Today it seems like every big corporation wants to become more entrepreneurial. They envy the creativity and freedom of small start-ups, and they want that spirit in their own companies. In order to achieve the entrepreneurial spirit, they may have to think and act, even budget and organize, much like a small start-up.
Every successful entrepreneur will tell you that a large part of his or her success has to do with people. From recruiting creative people to sharing challenges with them, from soliciting their creative problem solving talents to public awards for great ideas, entrepreneurs are always finding new ways of doing things.
They have to. Without the giant budgets, infrastructures, and distribution systems of their big brothers, they must rely on out-of-the-box thinking to succeed.
Big companies can learn a lot from how the thriving little guys do it. Here are three practices successful entrepreneurs use to find, encourage and promote creative thinking:
1. Recruit. When we recruited a new winemaker for Barefoot Cellars, we needed more than a winemaker, we needed wine! There was a big wine shortage in California in 1995. So during the interview, we asked the candidates how they would solve this problem. Several said, “Reduce your sales until the shortage is over.” We did not hire them. But Jennifer Wall said, “Somewhere in the world, there’s too much wine!” We hired her that day! Sharing company challenges with recruits, even before they are hired, gives companies an insight as to how the candidates think and solve problems. It’s also a great way to demonstrate that you not only value creativity, but that you are hiring for it.
2. Solicit. Entrepreneurs need help from everyone, not only from their own people but from their vendors, suppliers, creditors, and customers. Their survival depends on it. Many big companies are reticent to share their challenges with others. They operate on a strict need-to-know basis. We operated on a know-the-need basis. We regularly shared our concerns with all who worked with us. It sent the message that we respected their opinions and we knew they had the insights required to come up with creative solutions. And guess what? They did! Because our challenges were made public, our staff and business associates often came up with incredible solutions.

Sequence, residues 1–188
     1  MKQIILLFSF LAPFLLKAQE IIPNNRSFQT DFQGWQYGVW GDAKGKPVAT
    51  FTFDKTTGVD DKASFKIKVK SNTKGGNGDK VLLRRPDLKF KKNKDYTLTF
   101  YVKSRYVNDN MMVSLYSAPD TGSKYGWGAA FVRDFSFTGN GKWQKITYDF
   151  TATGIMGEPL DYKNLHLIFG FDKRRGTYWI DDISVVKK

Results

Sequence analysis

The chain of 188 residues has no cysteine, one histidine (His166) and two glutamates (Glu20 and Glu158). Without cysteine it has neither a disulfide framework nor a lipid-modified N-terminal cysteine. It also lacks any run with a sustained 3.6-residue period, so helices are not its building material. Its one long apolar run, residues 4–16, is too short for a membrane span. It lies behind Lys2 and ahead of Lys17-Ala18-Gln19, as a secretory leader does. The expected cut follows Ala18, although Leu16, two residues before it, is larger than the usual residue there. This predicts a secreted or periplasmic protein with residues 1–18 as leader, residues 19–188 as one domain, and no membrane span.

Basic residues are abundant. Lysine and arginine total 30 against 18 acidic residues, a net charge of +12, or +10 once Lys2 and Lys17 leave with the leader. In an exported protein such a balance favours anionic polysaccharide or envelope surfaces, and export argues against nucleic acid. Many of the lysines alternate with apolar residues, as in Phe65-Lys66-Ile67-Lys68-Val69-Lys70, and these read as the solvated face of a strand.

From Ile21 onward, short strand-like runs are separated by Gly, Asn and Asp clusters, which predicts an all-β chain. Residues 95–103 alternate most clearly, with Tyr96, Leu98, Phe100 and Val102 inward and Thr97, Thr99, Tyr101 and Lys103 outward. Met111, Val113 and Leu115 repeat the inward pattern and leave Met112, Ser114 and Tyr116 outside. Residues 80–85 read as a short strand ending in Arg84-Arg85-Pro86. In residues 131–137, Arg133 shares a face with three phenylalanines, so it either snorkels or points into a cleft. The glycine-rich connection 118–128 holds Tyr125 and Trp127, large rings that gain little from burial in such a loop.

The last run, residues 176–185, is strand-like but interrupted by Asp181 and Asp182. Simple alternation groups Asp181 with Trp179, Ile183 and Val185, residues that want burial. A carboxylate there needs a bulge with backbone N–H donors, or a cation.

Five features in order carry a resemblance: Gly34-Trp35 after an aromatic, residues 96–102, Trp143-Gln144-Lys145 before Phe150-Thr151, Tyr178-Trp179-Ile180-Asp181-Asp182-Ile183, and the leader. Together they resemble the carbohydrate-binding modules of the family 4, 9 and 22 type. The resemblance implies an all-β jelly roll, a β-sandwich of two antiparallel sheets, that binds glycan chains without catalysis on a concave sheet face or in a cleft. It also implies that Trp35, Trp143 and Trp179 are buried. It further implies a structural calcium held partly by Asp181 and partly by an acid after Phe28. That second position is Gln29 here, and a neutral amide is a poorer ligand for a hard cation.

3. Award. We found that public acknowledgement for great ideas was the easiest way to get more great ideas. When people are publically acknowledged for their creative contributions, two things happen. First, other staff members realize they too will be acknowledged for their ideas, thus encouraging them to think about problem solving. Second, the entire staff now knows more about what the awarded person does, resulting in more respect for their teammate’s responsibilities and contributions. This builds a positive company culture of true teamwork. Awards can be announced in memos, newsletters, or contests, but we found that the more often, the better. Acknowledgement also worked well for us with vendors and suppliers, as well as distributors.
Small successful start-ups know their people are their most important assets. They are an abundant source of creativity, if given the opportunity. It’s not enough to say you want your big company to be more entrepreneurial and creative. You must employ the measures that actually allow this to happen.
Next time we will conclude this seven-part series on how big companies can become more entrepreneurial by examining the advantages of building a company within a company (also known as a skunk works).
Who We Are
Michael Houlihan and Bonnie Harvey co-authored the New York Times bestselling business book, The Barefoot Spirit: How Hardship, Hustle, and Heart Built America’s #1 Wine Brand. The book has been selected as recommended reading in the CEO Library for CEO Forum, the C-Suite Book Club, and numerous university classes on business and entrepreneurship. It chronicles their humble beginnings from the laundry room of a rented Sonoma County farmhouse to the board room of E&J Gallo, who ultimately acquired their brand and engaged them as brand consultants. Barefoot is now the world’s largest wine brand.
Beginning with virtually no money and no wine industry experience, they employed innovative ideas to overcome obstacles, create new markets and forge strategic alliances. They pioneered Worthy Cause Marketing and performance-based compensation. They built an internationally bestselling brand and received their industry’s “Hot Brand” award for several consecutive years.
They offer their Guiding Principles for Success (GPS) & Shelf Smarts courses to help consumer product brand builders achieve success. Their book, The Entrepreneurial Culture: 23 Ways To Engage and Empower Your People, helps corporations maximize the value of their human resources.
Currently they travel the world leading workshops, trainings, & keynoting at business schools, corporations, conferences. They are regular media guests and contributors to international publications and professional journals. They are C-Suite Network Advisors & Contributing Editors. Visit their popular business site at www.thebarefootspirit.com.
To make inquiries for keynote speaking, trainings or consulting, please contact email@example.com.